As Office Market Evolves, Owners Must Adapt To New Changes
Recent tax cuts, job growth and a rising U.S. gross domestic product have led to an increase in office leasing activity. December’s 11.5% office vacancy rate was the lowest reported in 10 years.
The positive growth of the office sector comes with changes in work habits and demands. Companies have become more aware of optimizing space, while co-working offers short-term leases and turnkey workspaces. Millennials have also entered the workforce, prompting owners to replace desks with nontraditional amenities like coffee bars and lounges. Owners must adapt to stay competitive.
“This being the case, the office market has slowly recovered over the last 10 years,” Markward Group CEO and SIOR Global President Del C. Markward said. “Class-A offices and new buildings have performed the best, with overall vacancies dropping slightly or remaining steady.”
Office Leasing In A Post-Recession Market
After the Great Recession, the contracting economy led many companies to lay off employees and reduce floor space. Layoffs and reorganizations also led to a rise in “shadow vacancy,” where space is leased out but not utilized. In 2011, the U.S. office sector needed to absorb 126M SF of empty space to return to pre-recession vacancy levels. When accounting for shadow space, tenants absorbed only 18M SF.
The office market has since absorbed the shadow space and has moved into a development phase, bringing more Class-A office projects online. Over 79M SF of office space will deliver this year, according to a Marcus & Millichap report, and more than half of all completions will be concentrated in the top 10 markets.
“We went through this phase for the past five years, when companies became so efficient that they didn’t need this extra space,” said Colliers International Executive Vice President and Chief Operating Officer David C. Lockwood. “Now we have tight office markets, which has prompted a boom in development.”
Tech-Heavy Cities And Gateway Markets Command Attention
The success of the office market has largely been concentrated in urban areas close to universities, tech companies and strong labor pools, Lockwood said.
“Location is still the most critical factor in ultimate success, and office is no different,” Markward said. “The strongest markets are those with land constraints and employment growth, specifically San Francisco, Seattle, New York, Miami and Washington, D.C.”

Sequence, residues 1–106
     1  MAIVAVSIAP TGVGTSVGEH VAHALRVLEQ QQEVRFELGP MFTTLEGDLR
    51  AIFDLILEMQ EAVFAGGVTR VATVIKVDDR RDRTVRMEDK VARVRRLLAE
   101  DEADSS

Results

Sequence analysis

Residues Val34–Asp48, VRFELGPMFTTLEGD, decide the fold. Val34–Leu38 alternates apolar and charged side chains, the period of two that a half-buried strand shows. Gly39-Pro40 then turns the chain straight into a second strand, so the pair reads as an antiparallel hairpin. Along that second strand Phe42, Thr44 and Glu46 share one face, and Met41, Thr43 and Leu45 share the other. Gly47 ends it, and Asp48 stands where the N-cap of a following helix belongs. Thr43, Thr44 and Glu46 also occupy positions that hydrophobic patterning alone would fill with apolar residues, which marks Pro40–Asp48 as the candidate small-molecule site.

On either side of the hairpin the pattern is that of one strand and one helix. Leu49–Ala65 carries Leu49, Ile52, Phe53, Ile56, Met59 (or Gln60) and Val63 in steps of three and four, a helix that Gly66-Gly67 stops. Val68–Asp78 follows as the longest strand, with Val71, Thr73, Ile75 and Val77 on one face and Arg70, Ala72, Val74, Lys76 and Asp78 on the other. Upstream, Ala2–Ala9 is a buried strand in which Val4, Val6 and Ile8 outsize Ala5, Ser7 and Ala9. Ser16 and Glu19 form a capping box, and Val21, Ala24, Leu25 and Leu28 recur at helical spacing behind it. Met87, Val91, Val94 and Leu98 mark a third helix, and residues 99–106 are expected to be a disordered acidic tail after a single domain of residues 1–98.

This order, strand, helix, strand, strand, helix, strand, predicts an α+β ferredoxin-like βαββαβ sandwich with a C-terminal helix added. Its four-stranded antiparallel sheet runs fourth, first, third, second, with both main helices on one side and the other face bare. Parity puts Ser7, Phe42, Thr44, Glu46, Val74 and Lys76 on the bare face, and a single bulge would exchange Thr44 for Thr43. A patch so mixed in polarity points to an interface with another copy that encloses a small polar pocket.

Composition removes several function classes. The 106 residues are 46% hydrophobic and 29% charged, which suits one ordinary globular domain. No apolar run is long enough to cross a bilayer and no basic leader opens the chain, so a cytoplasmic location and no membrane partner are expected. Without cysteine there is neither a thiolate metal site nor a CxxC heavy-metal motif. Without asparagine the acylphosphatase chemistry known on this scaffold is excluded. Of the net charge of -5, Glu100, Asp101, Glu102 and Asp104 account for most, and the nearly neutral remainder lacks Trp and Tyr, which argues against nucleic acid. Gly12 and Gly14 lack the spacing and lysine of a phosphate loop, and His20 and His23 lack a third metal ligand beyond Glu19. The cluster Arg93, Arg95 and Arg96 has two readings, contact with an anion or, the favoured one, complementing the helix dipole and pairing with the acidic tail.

Post-recession, tech companies have emerged as major office occupiers in top markets. In its 2018 Office Investment Forecast, Marcus & Millichap listed 46 U.S. office markets in order of performance. The report’s top five markets — Seattle-Tacoma, Boston, San Francisco, Portland and San Jose — each have a large population of tech companies. Amazon alone occupies more than 8.1M SF of office space in Seattle and continues to expand. Seattle office vacancy rates fell to 9.6% by Q4, one of the lowest rates in the nation.
Rising Construction Costs And Shifting Office Trends
The top office markets are among the most expensive when it comes to construction. Last summer, New York City, No. 6 on Marcus & Millichap’s 2018 office outlook, became the most expensive city in the world for construction. Costs are expected to rise across all U.S. markets, as materials become more expensive and labor shortages continue. The Turner Building Cost Index rose 1.34% in Q4, marking a 5.17% yearly increase from Q4 2016.
President Donald Trump’s tariffs on steel and aluminum imports into the U.S., signed earlier this month, will also cause construction costs and office rents to rise. The tariffs could lead to a cost increase of about 1% this year, or $7.5B in increased construction prices nationwide.
Given the current positive U.S. economic growth, office tenants have been willing to pour money back into more expensive space to create environments that attract and retain employees, Lockwood said. But that comes with the expectation that Class-A buildings will meet the demands of the current workforce. Compared to an asset class like industrial, which requires relatively little capital to draw in tenants, office often demands significant and consistent investment.
“Renovations will also become more frequent and cyclical,” Lockwood said. “Millennials do not want to be stuck in the same office environment for five years. New amenities will instead be added periodically throughout the duration of the lease.”
Beyond tenant improvement trends, solid office investment depends on securing assets for when the economy enters a downturn. It has become more common for office tenants to sign seven-, 10- or 12-year leases rather than five-year leases, Lockwood said. If another recession occurs, owners can ride it out without worrying that their leases will expire.
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